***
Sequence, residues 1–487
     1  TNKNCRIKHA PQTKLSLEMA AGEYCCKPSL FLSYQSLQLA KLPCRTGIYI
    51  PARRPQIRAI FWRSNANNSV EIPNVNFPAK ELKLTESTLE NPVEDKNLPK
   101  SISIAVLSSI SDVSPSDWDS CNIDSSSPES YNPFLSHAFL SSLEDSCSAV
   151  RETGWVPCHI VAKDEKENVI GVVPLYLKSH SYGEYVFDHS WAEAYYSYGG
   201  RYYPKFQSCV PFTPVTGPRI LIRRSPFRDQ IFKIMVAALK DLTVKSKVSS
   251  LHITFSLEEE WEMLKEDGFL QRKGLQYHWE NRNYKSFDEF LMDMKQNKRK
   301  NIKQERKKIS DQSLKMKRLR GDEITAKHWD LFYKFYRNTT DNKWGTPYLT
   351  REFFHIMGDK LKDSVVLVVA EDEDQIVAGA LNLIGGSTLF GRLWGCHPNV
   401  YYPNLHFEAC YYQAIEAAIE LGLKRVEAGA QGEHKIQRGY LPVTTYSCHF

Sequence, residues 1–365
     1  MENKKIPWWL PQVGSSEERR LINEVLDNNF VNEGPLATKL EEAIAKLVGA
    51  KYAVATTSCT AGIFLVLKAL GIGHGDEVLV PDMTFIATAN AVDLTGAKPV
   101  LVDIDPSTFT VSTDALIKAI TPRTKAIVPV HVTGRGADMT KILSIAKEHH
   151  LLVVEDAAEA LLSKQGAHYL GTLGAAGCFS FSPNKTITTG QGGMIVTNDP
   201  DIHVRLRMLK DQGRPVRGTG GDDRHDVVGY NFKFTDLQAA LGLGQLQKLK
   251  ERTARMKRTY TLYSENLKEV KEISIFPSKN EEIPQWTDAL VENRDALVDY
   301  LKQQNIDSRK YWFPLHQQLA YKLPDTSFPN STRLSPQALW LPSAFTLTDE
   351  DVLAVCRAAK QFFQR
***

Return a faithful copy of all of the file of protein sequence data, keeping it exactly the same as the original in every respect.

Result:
Sequence, residues 1–487
     1  TNKNCRIKHA PQTKLSLEMA AGEYCCKPSL FLSYQSLQLA KLPCRTGIYI
    51  PARRPQIRAI FWRSNANNSV EIPNVNFPAK ELKLTESTLE NPVEDKNLPK
   101  SISIAVLSSI SDVSPSDWDS CNIDSSSPES YNPFLSHAFL SSLEDSCSAV
   151  RETGWVPCHI VAKDEKENVI GVVPLYLKSH SYGEYVFDHS WAEAYYSYGG
   201  RYYPKFQSCV PFTPVTGPRI LIRRSPFRDQ IFKIMVAALK DLTVKSKVSS
   251  LHITFSLEEE WEMLKEDGFL QRKGLQYHWE NRNYKSFDEF LMDMKQNKRK
   301  NIKQERKKIS DQSLKMKRLR GDEITAKHWD LFYKFYRNTT DNKWGTPYLT
   351  REFFHIMGDK LKDSVVLVVA EDEDQIVAGA LNLIGGSTLF GRLWGCHPNV
   401  YYPNLHFEAC YYQAIEAAIE LGLKRVEAGA QGEHKIQRGY LPVTTYSCHF

Sequence, residues 1–365
     1  MENKKIPWWL PQVGSSEERR LINEVLDNNF VNEGPLATKL EEAIAKLVGA
    51  KYAVATTSCT AGIFLVLKAL GIGHGDEVLV PDMTFIATAN AVDLTGAKPV
   101  LVDIDPSTFT VSTDALIKAI TPRTKAIVPV HVTGRGADMT KILSIAKEHH
   151  LLVVEDAAEA LLSKQGAHYL GTLGAAGCFS FSPNKTITTG QGGMIVTNDP
   201  DIHVRLRMLK DQGRPVRGTG GDDRHDVVGY NFKFTDLQAA LGLGQLQKLK
   251  ERTARMKRTY TLYSENLKEV KEISIFPSKN EEIPQWTDAL VENRDALVDY
   301  LKQQNIDSRK YWFPLHQQLA YKLPDTSFPN STRLSPQALW LPSAFTLTDE
   351  DVLAVCRAAK QFFQR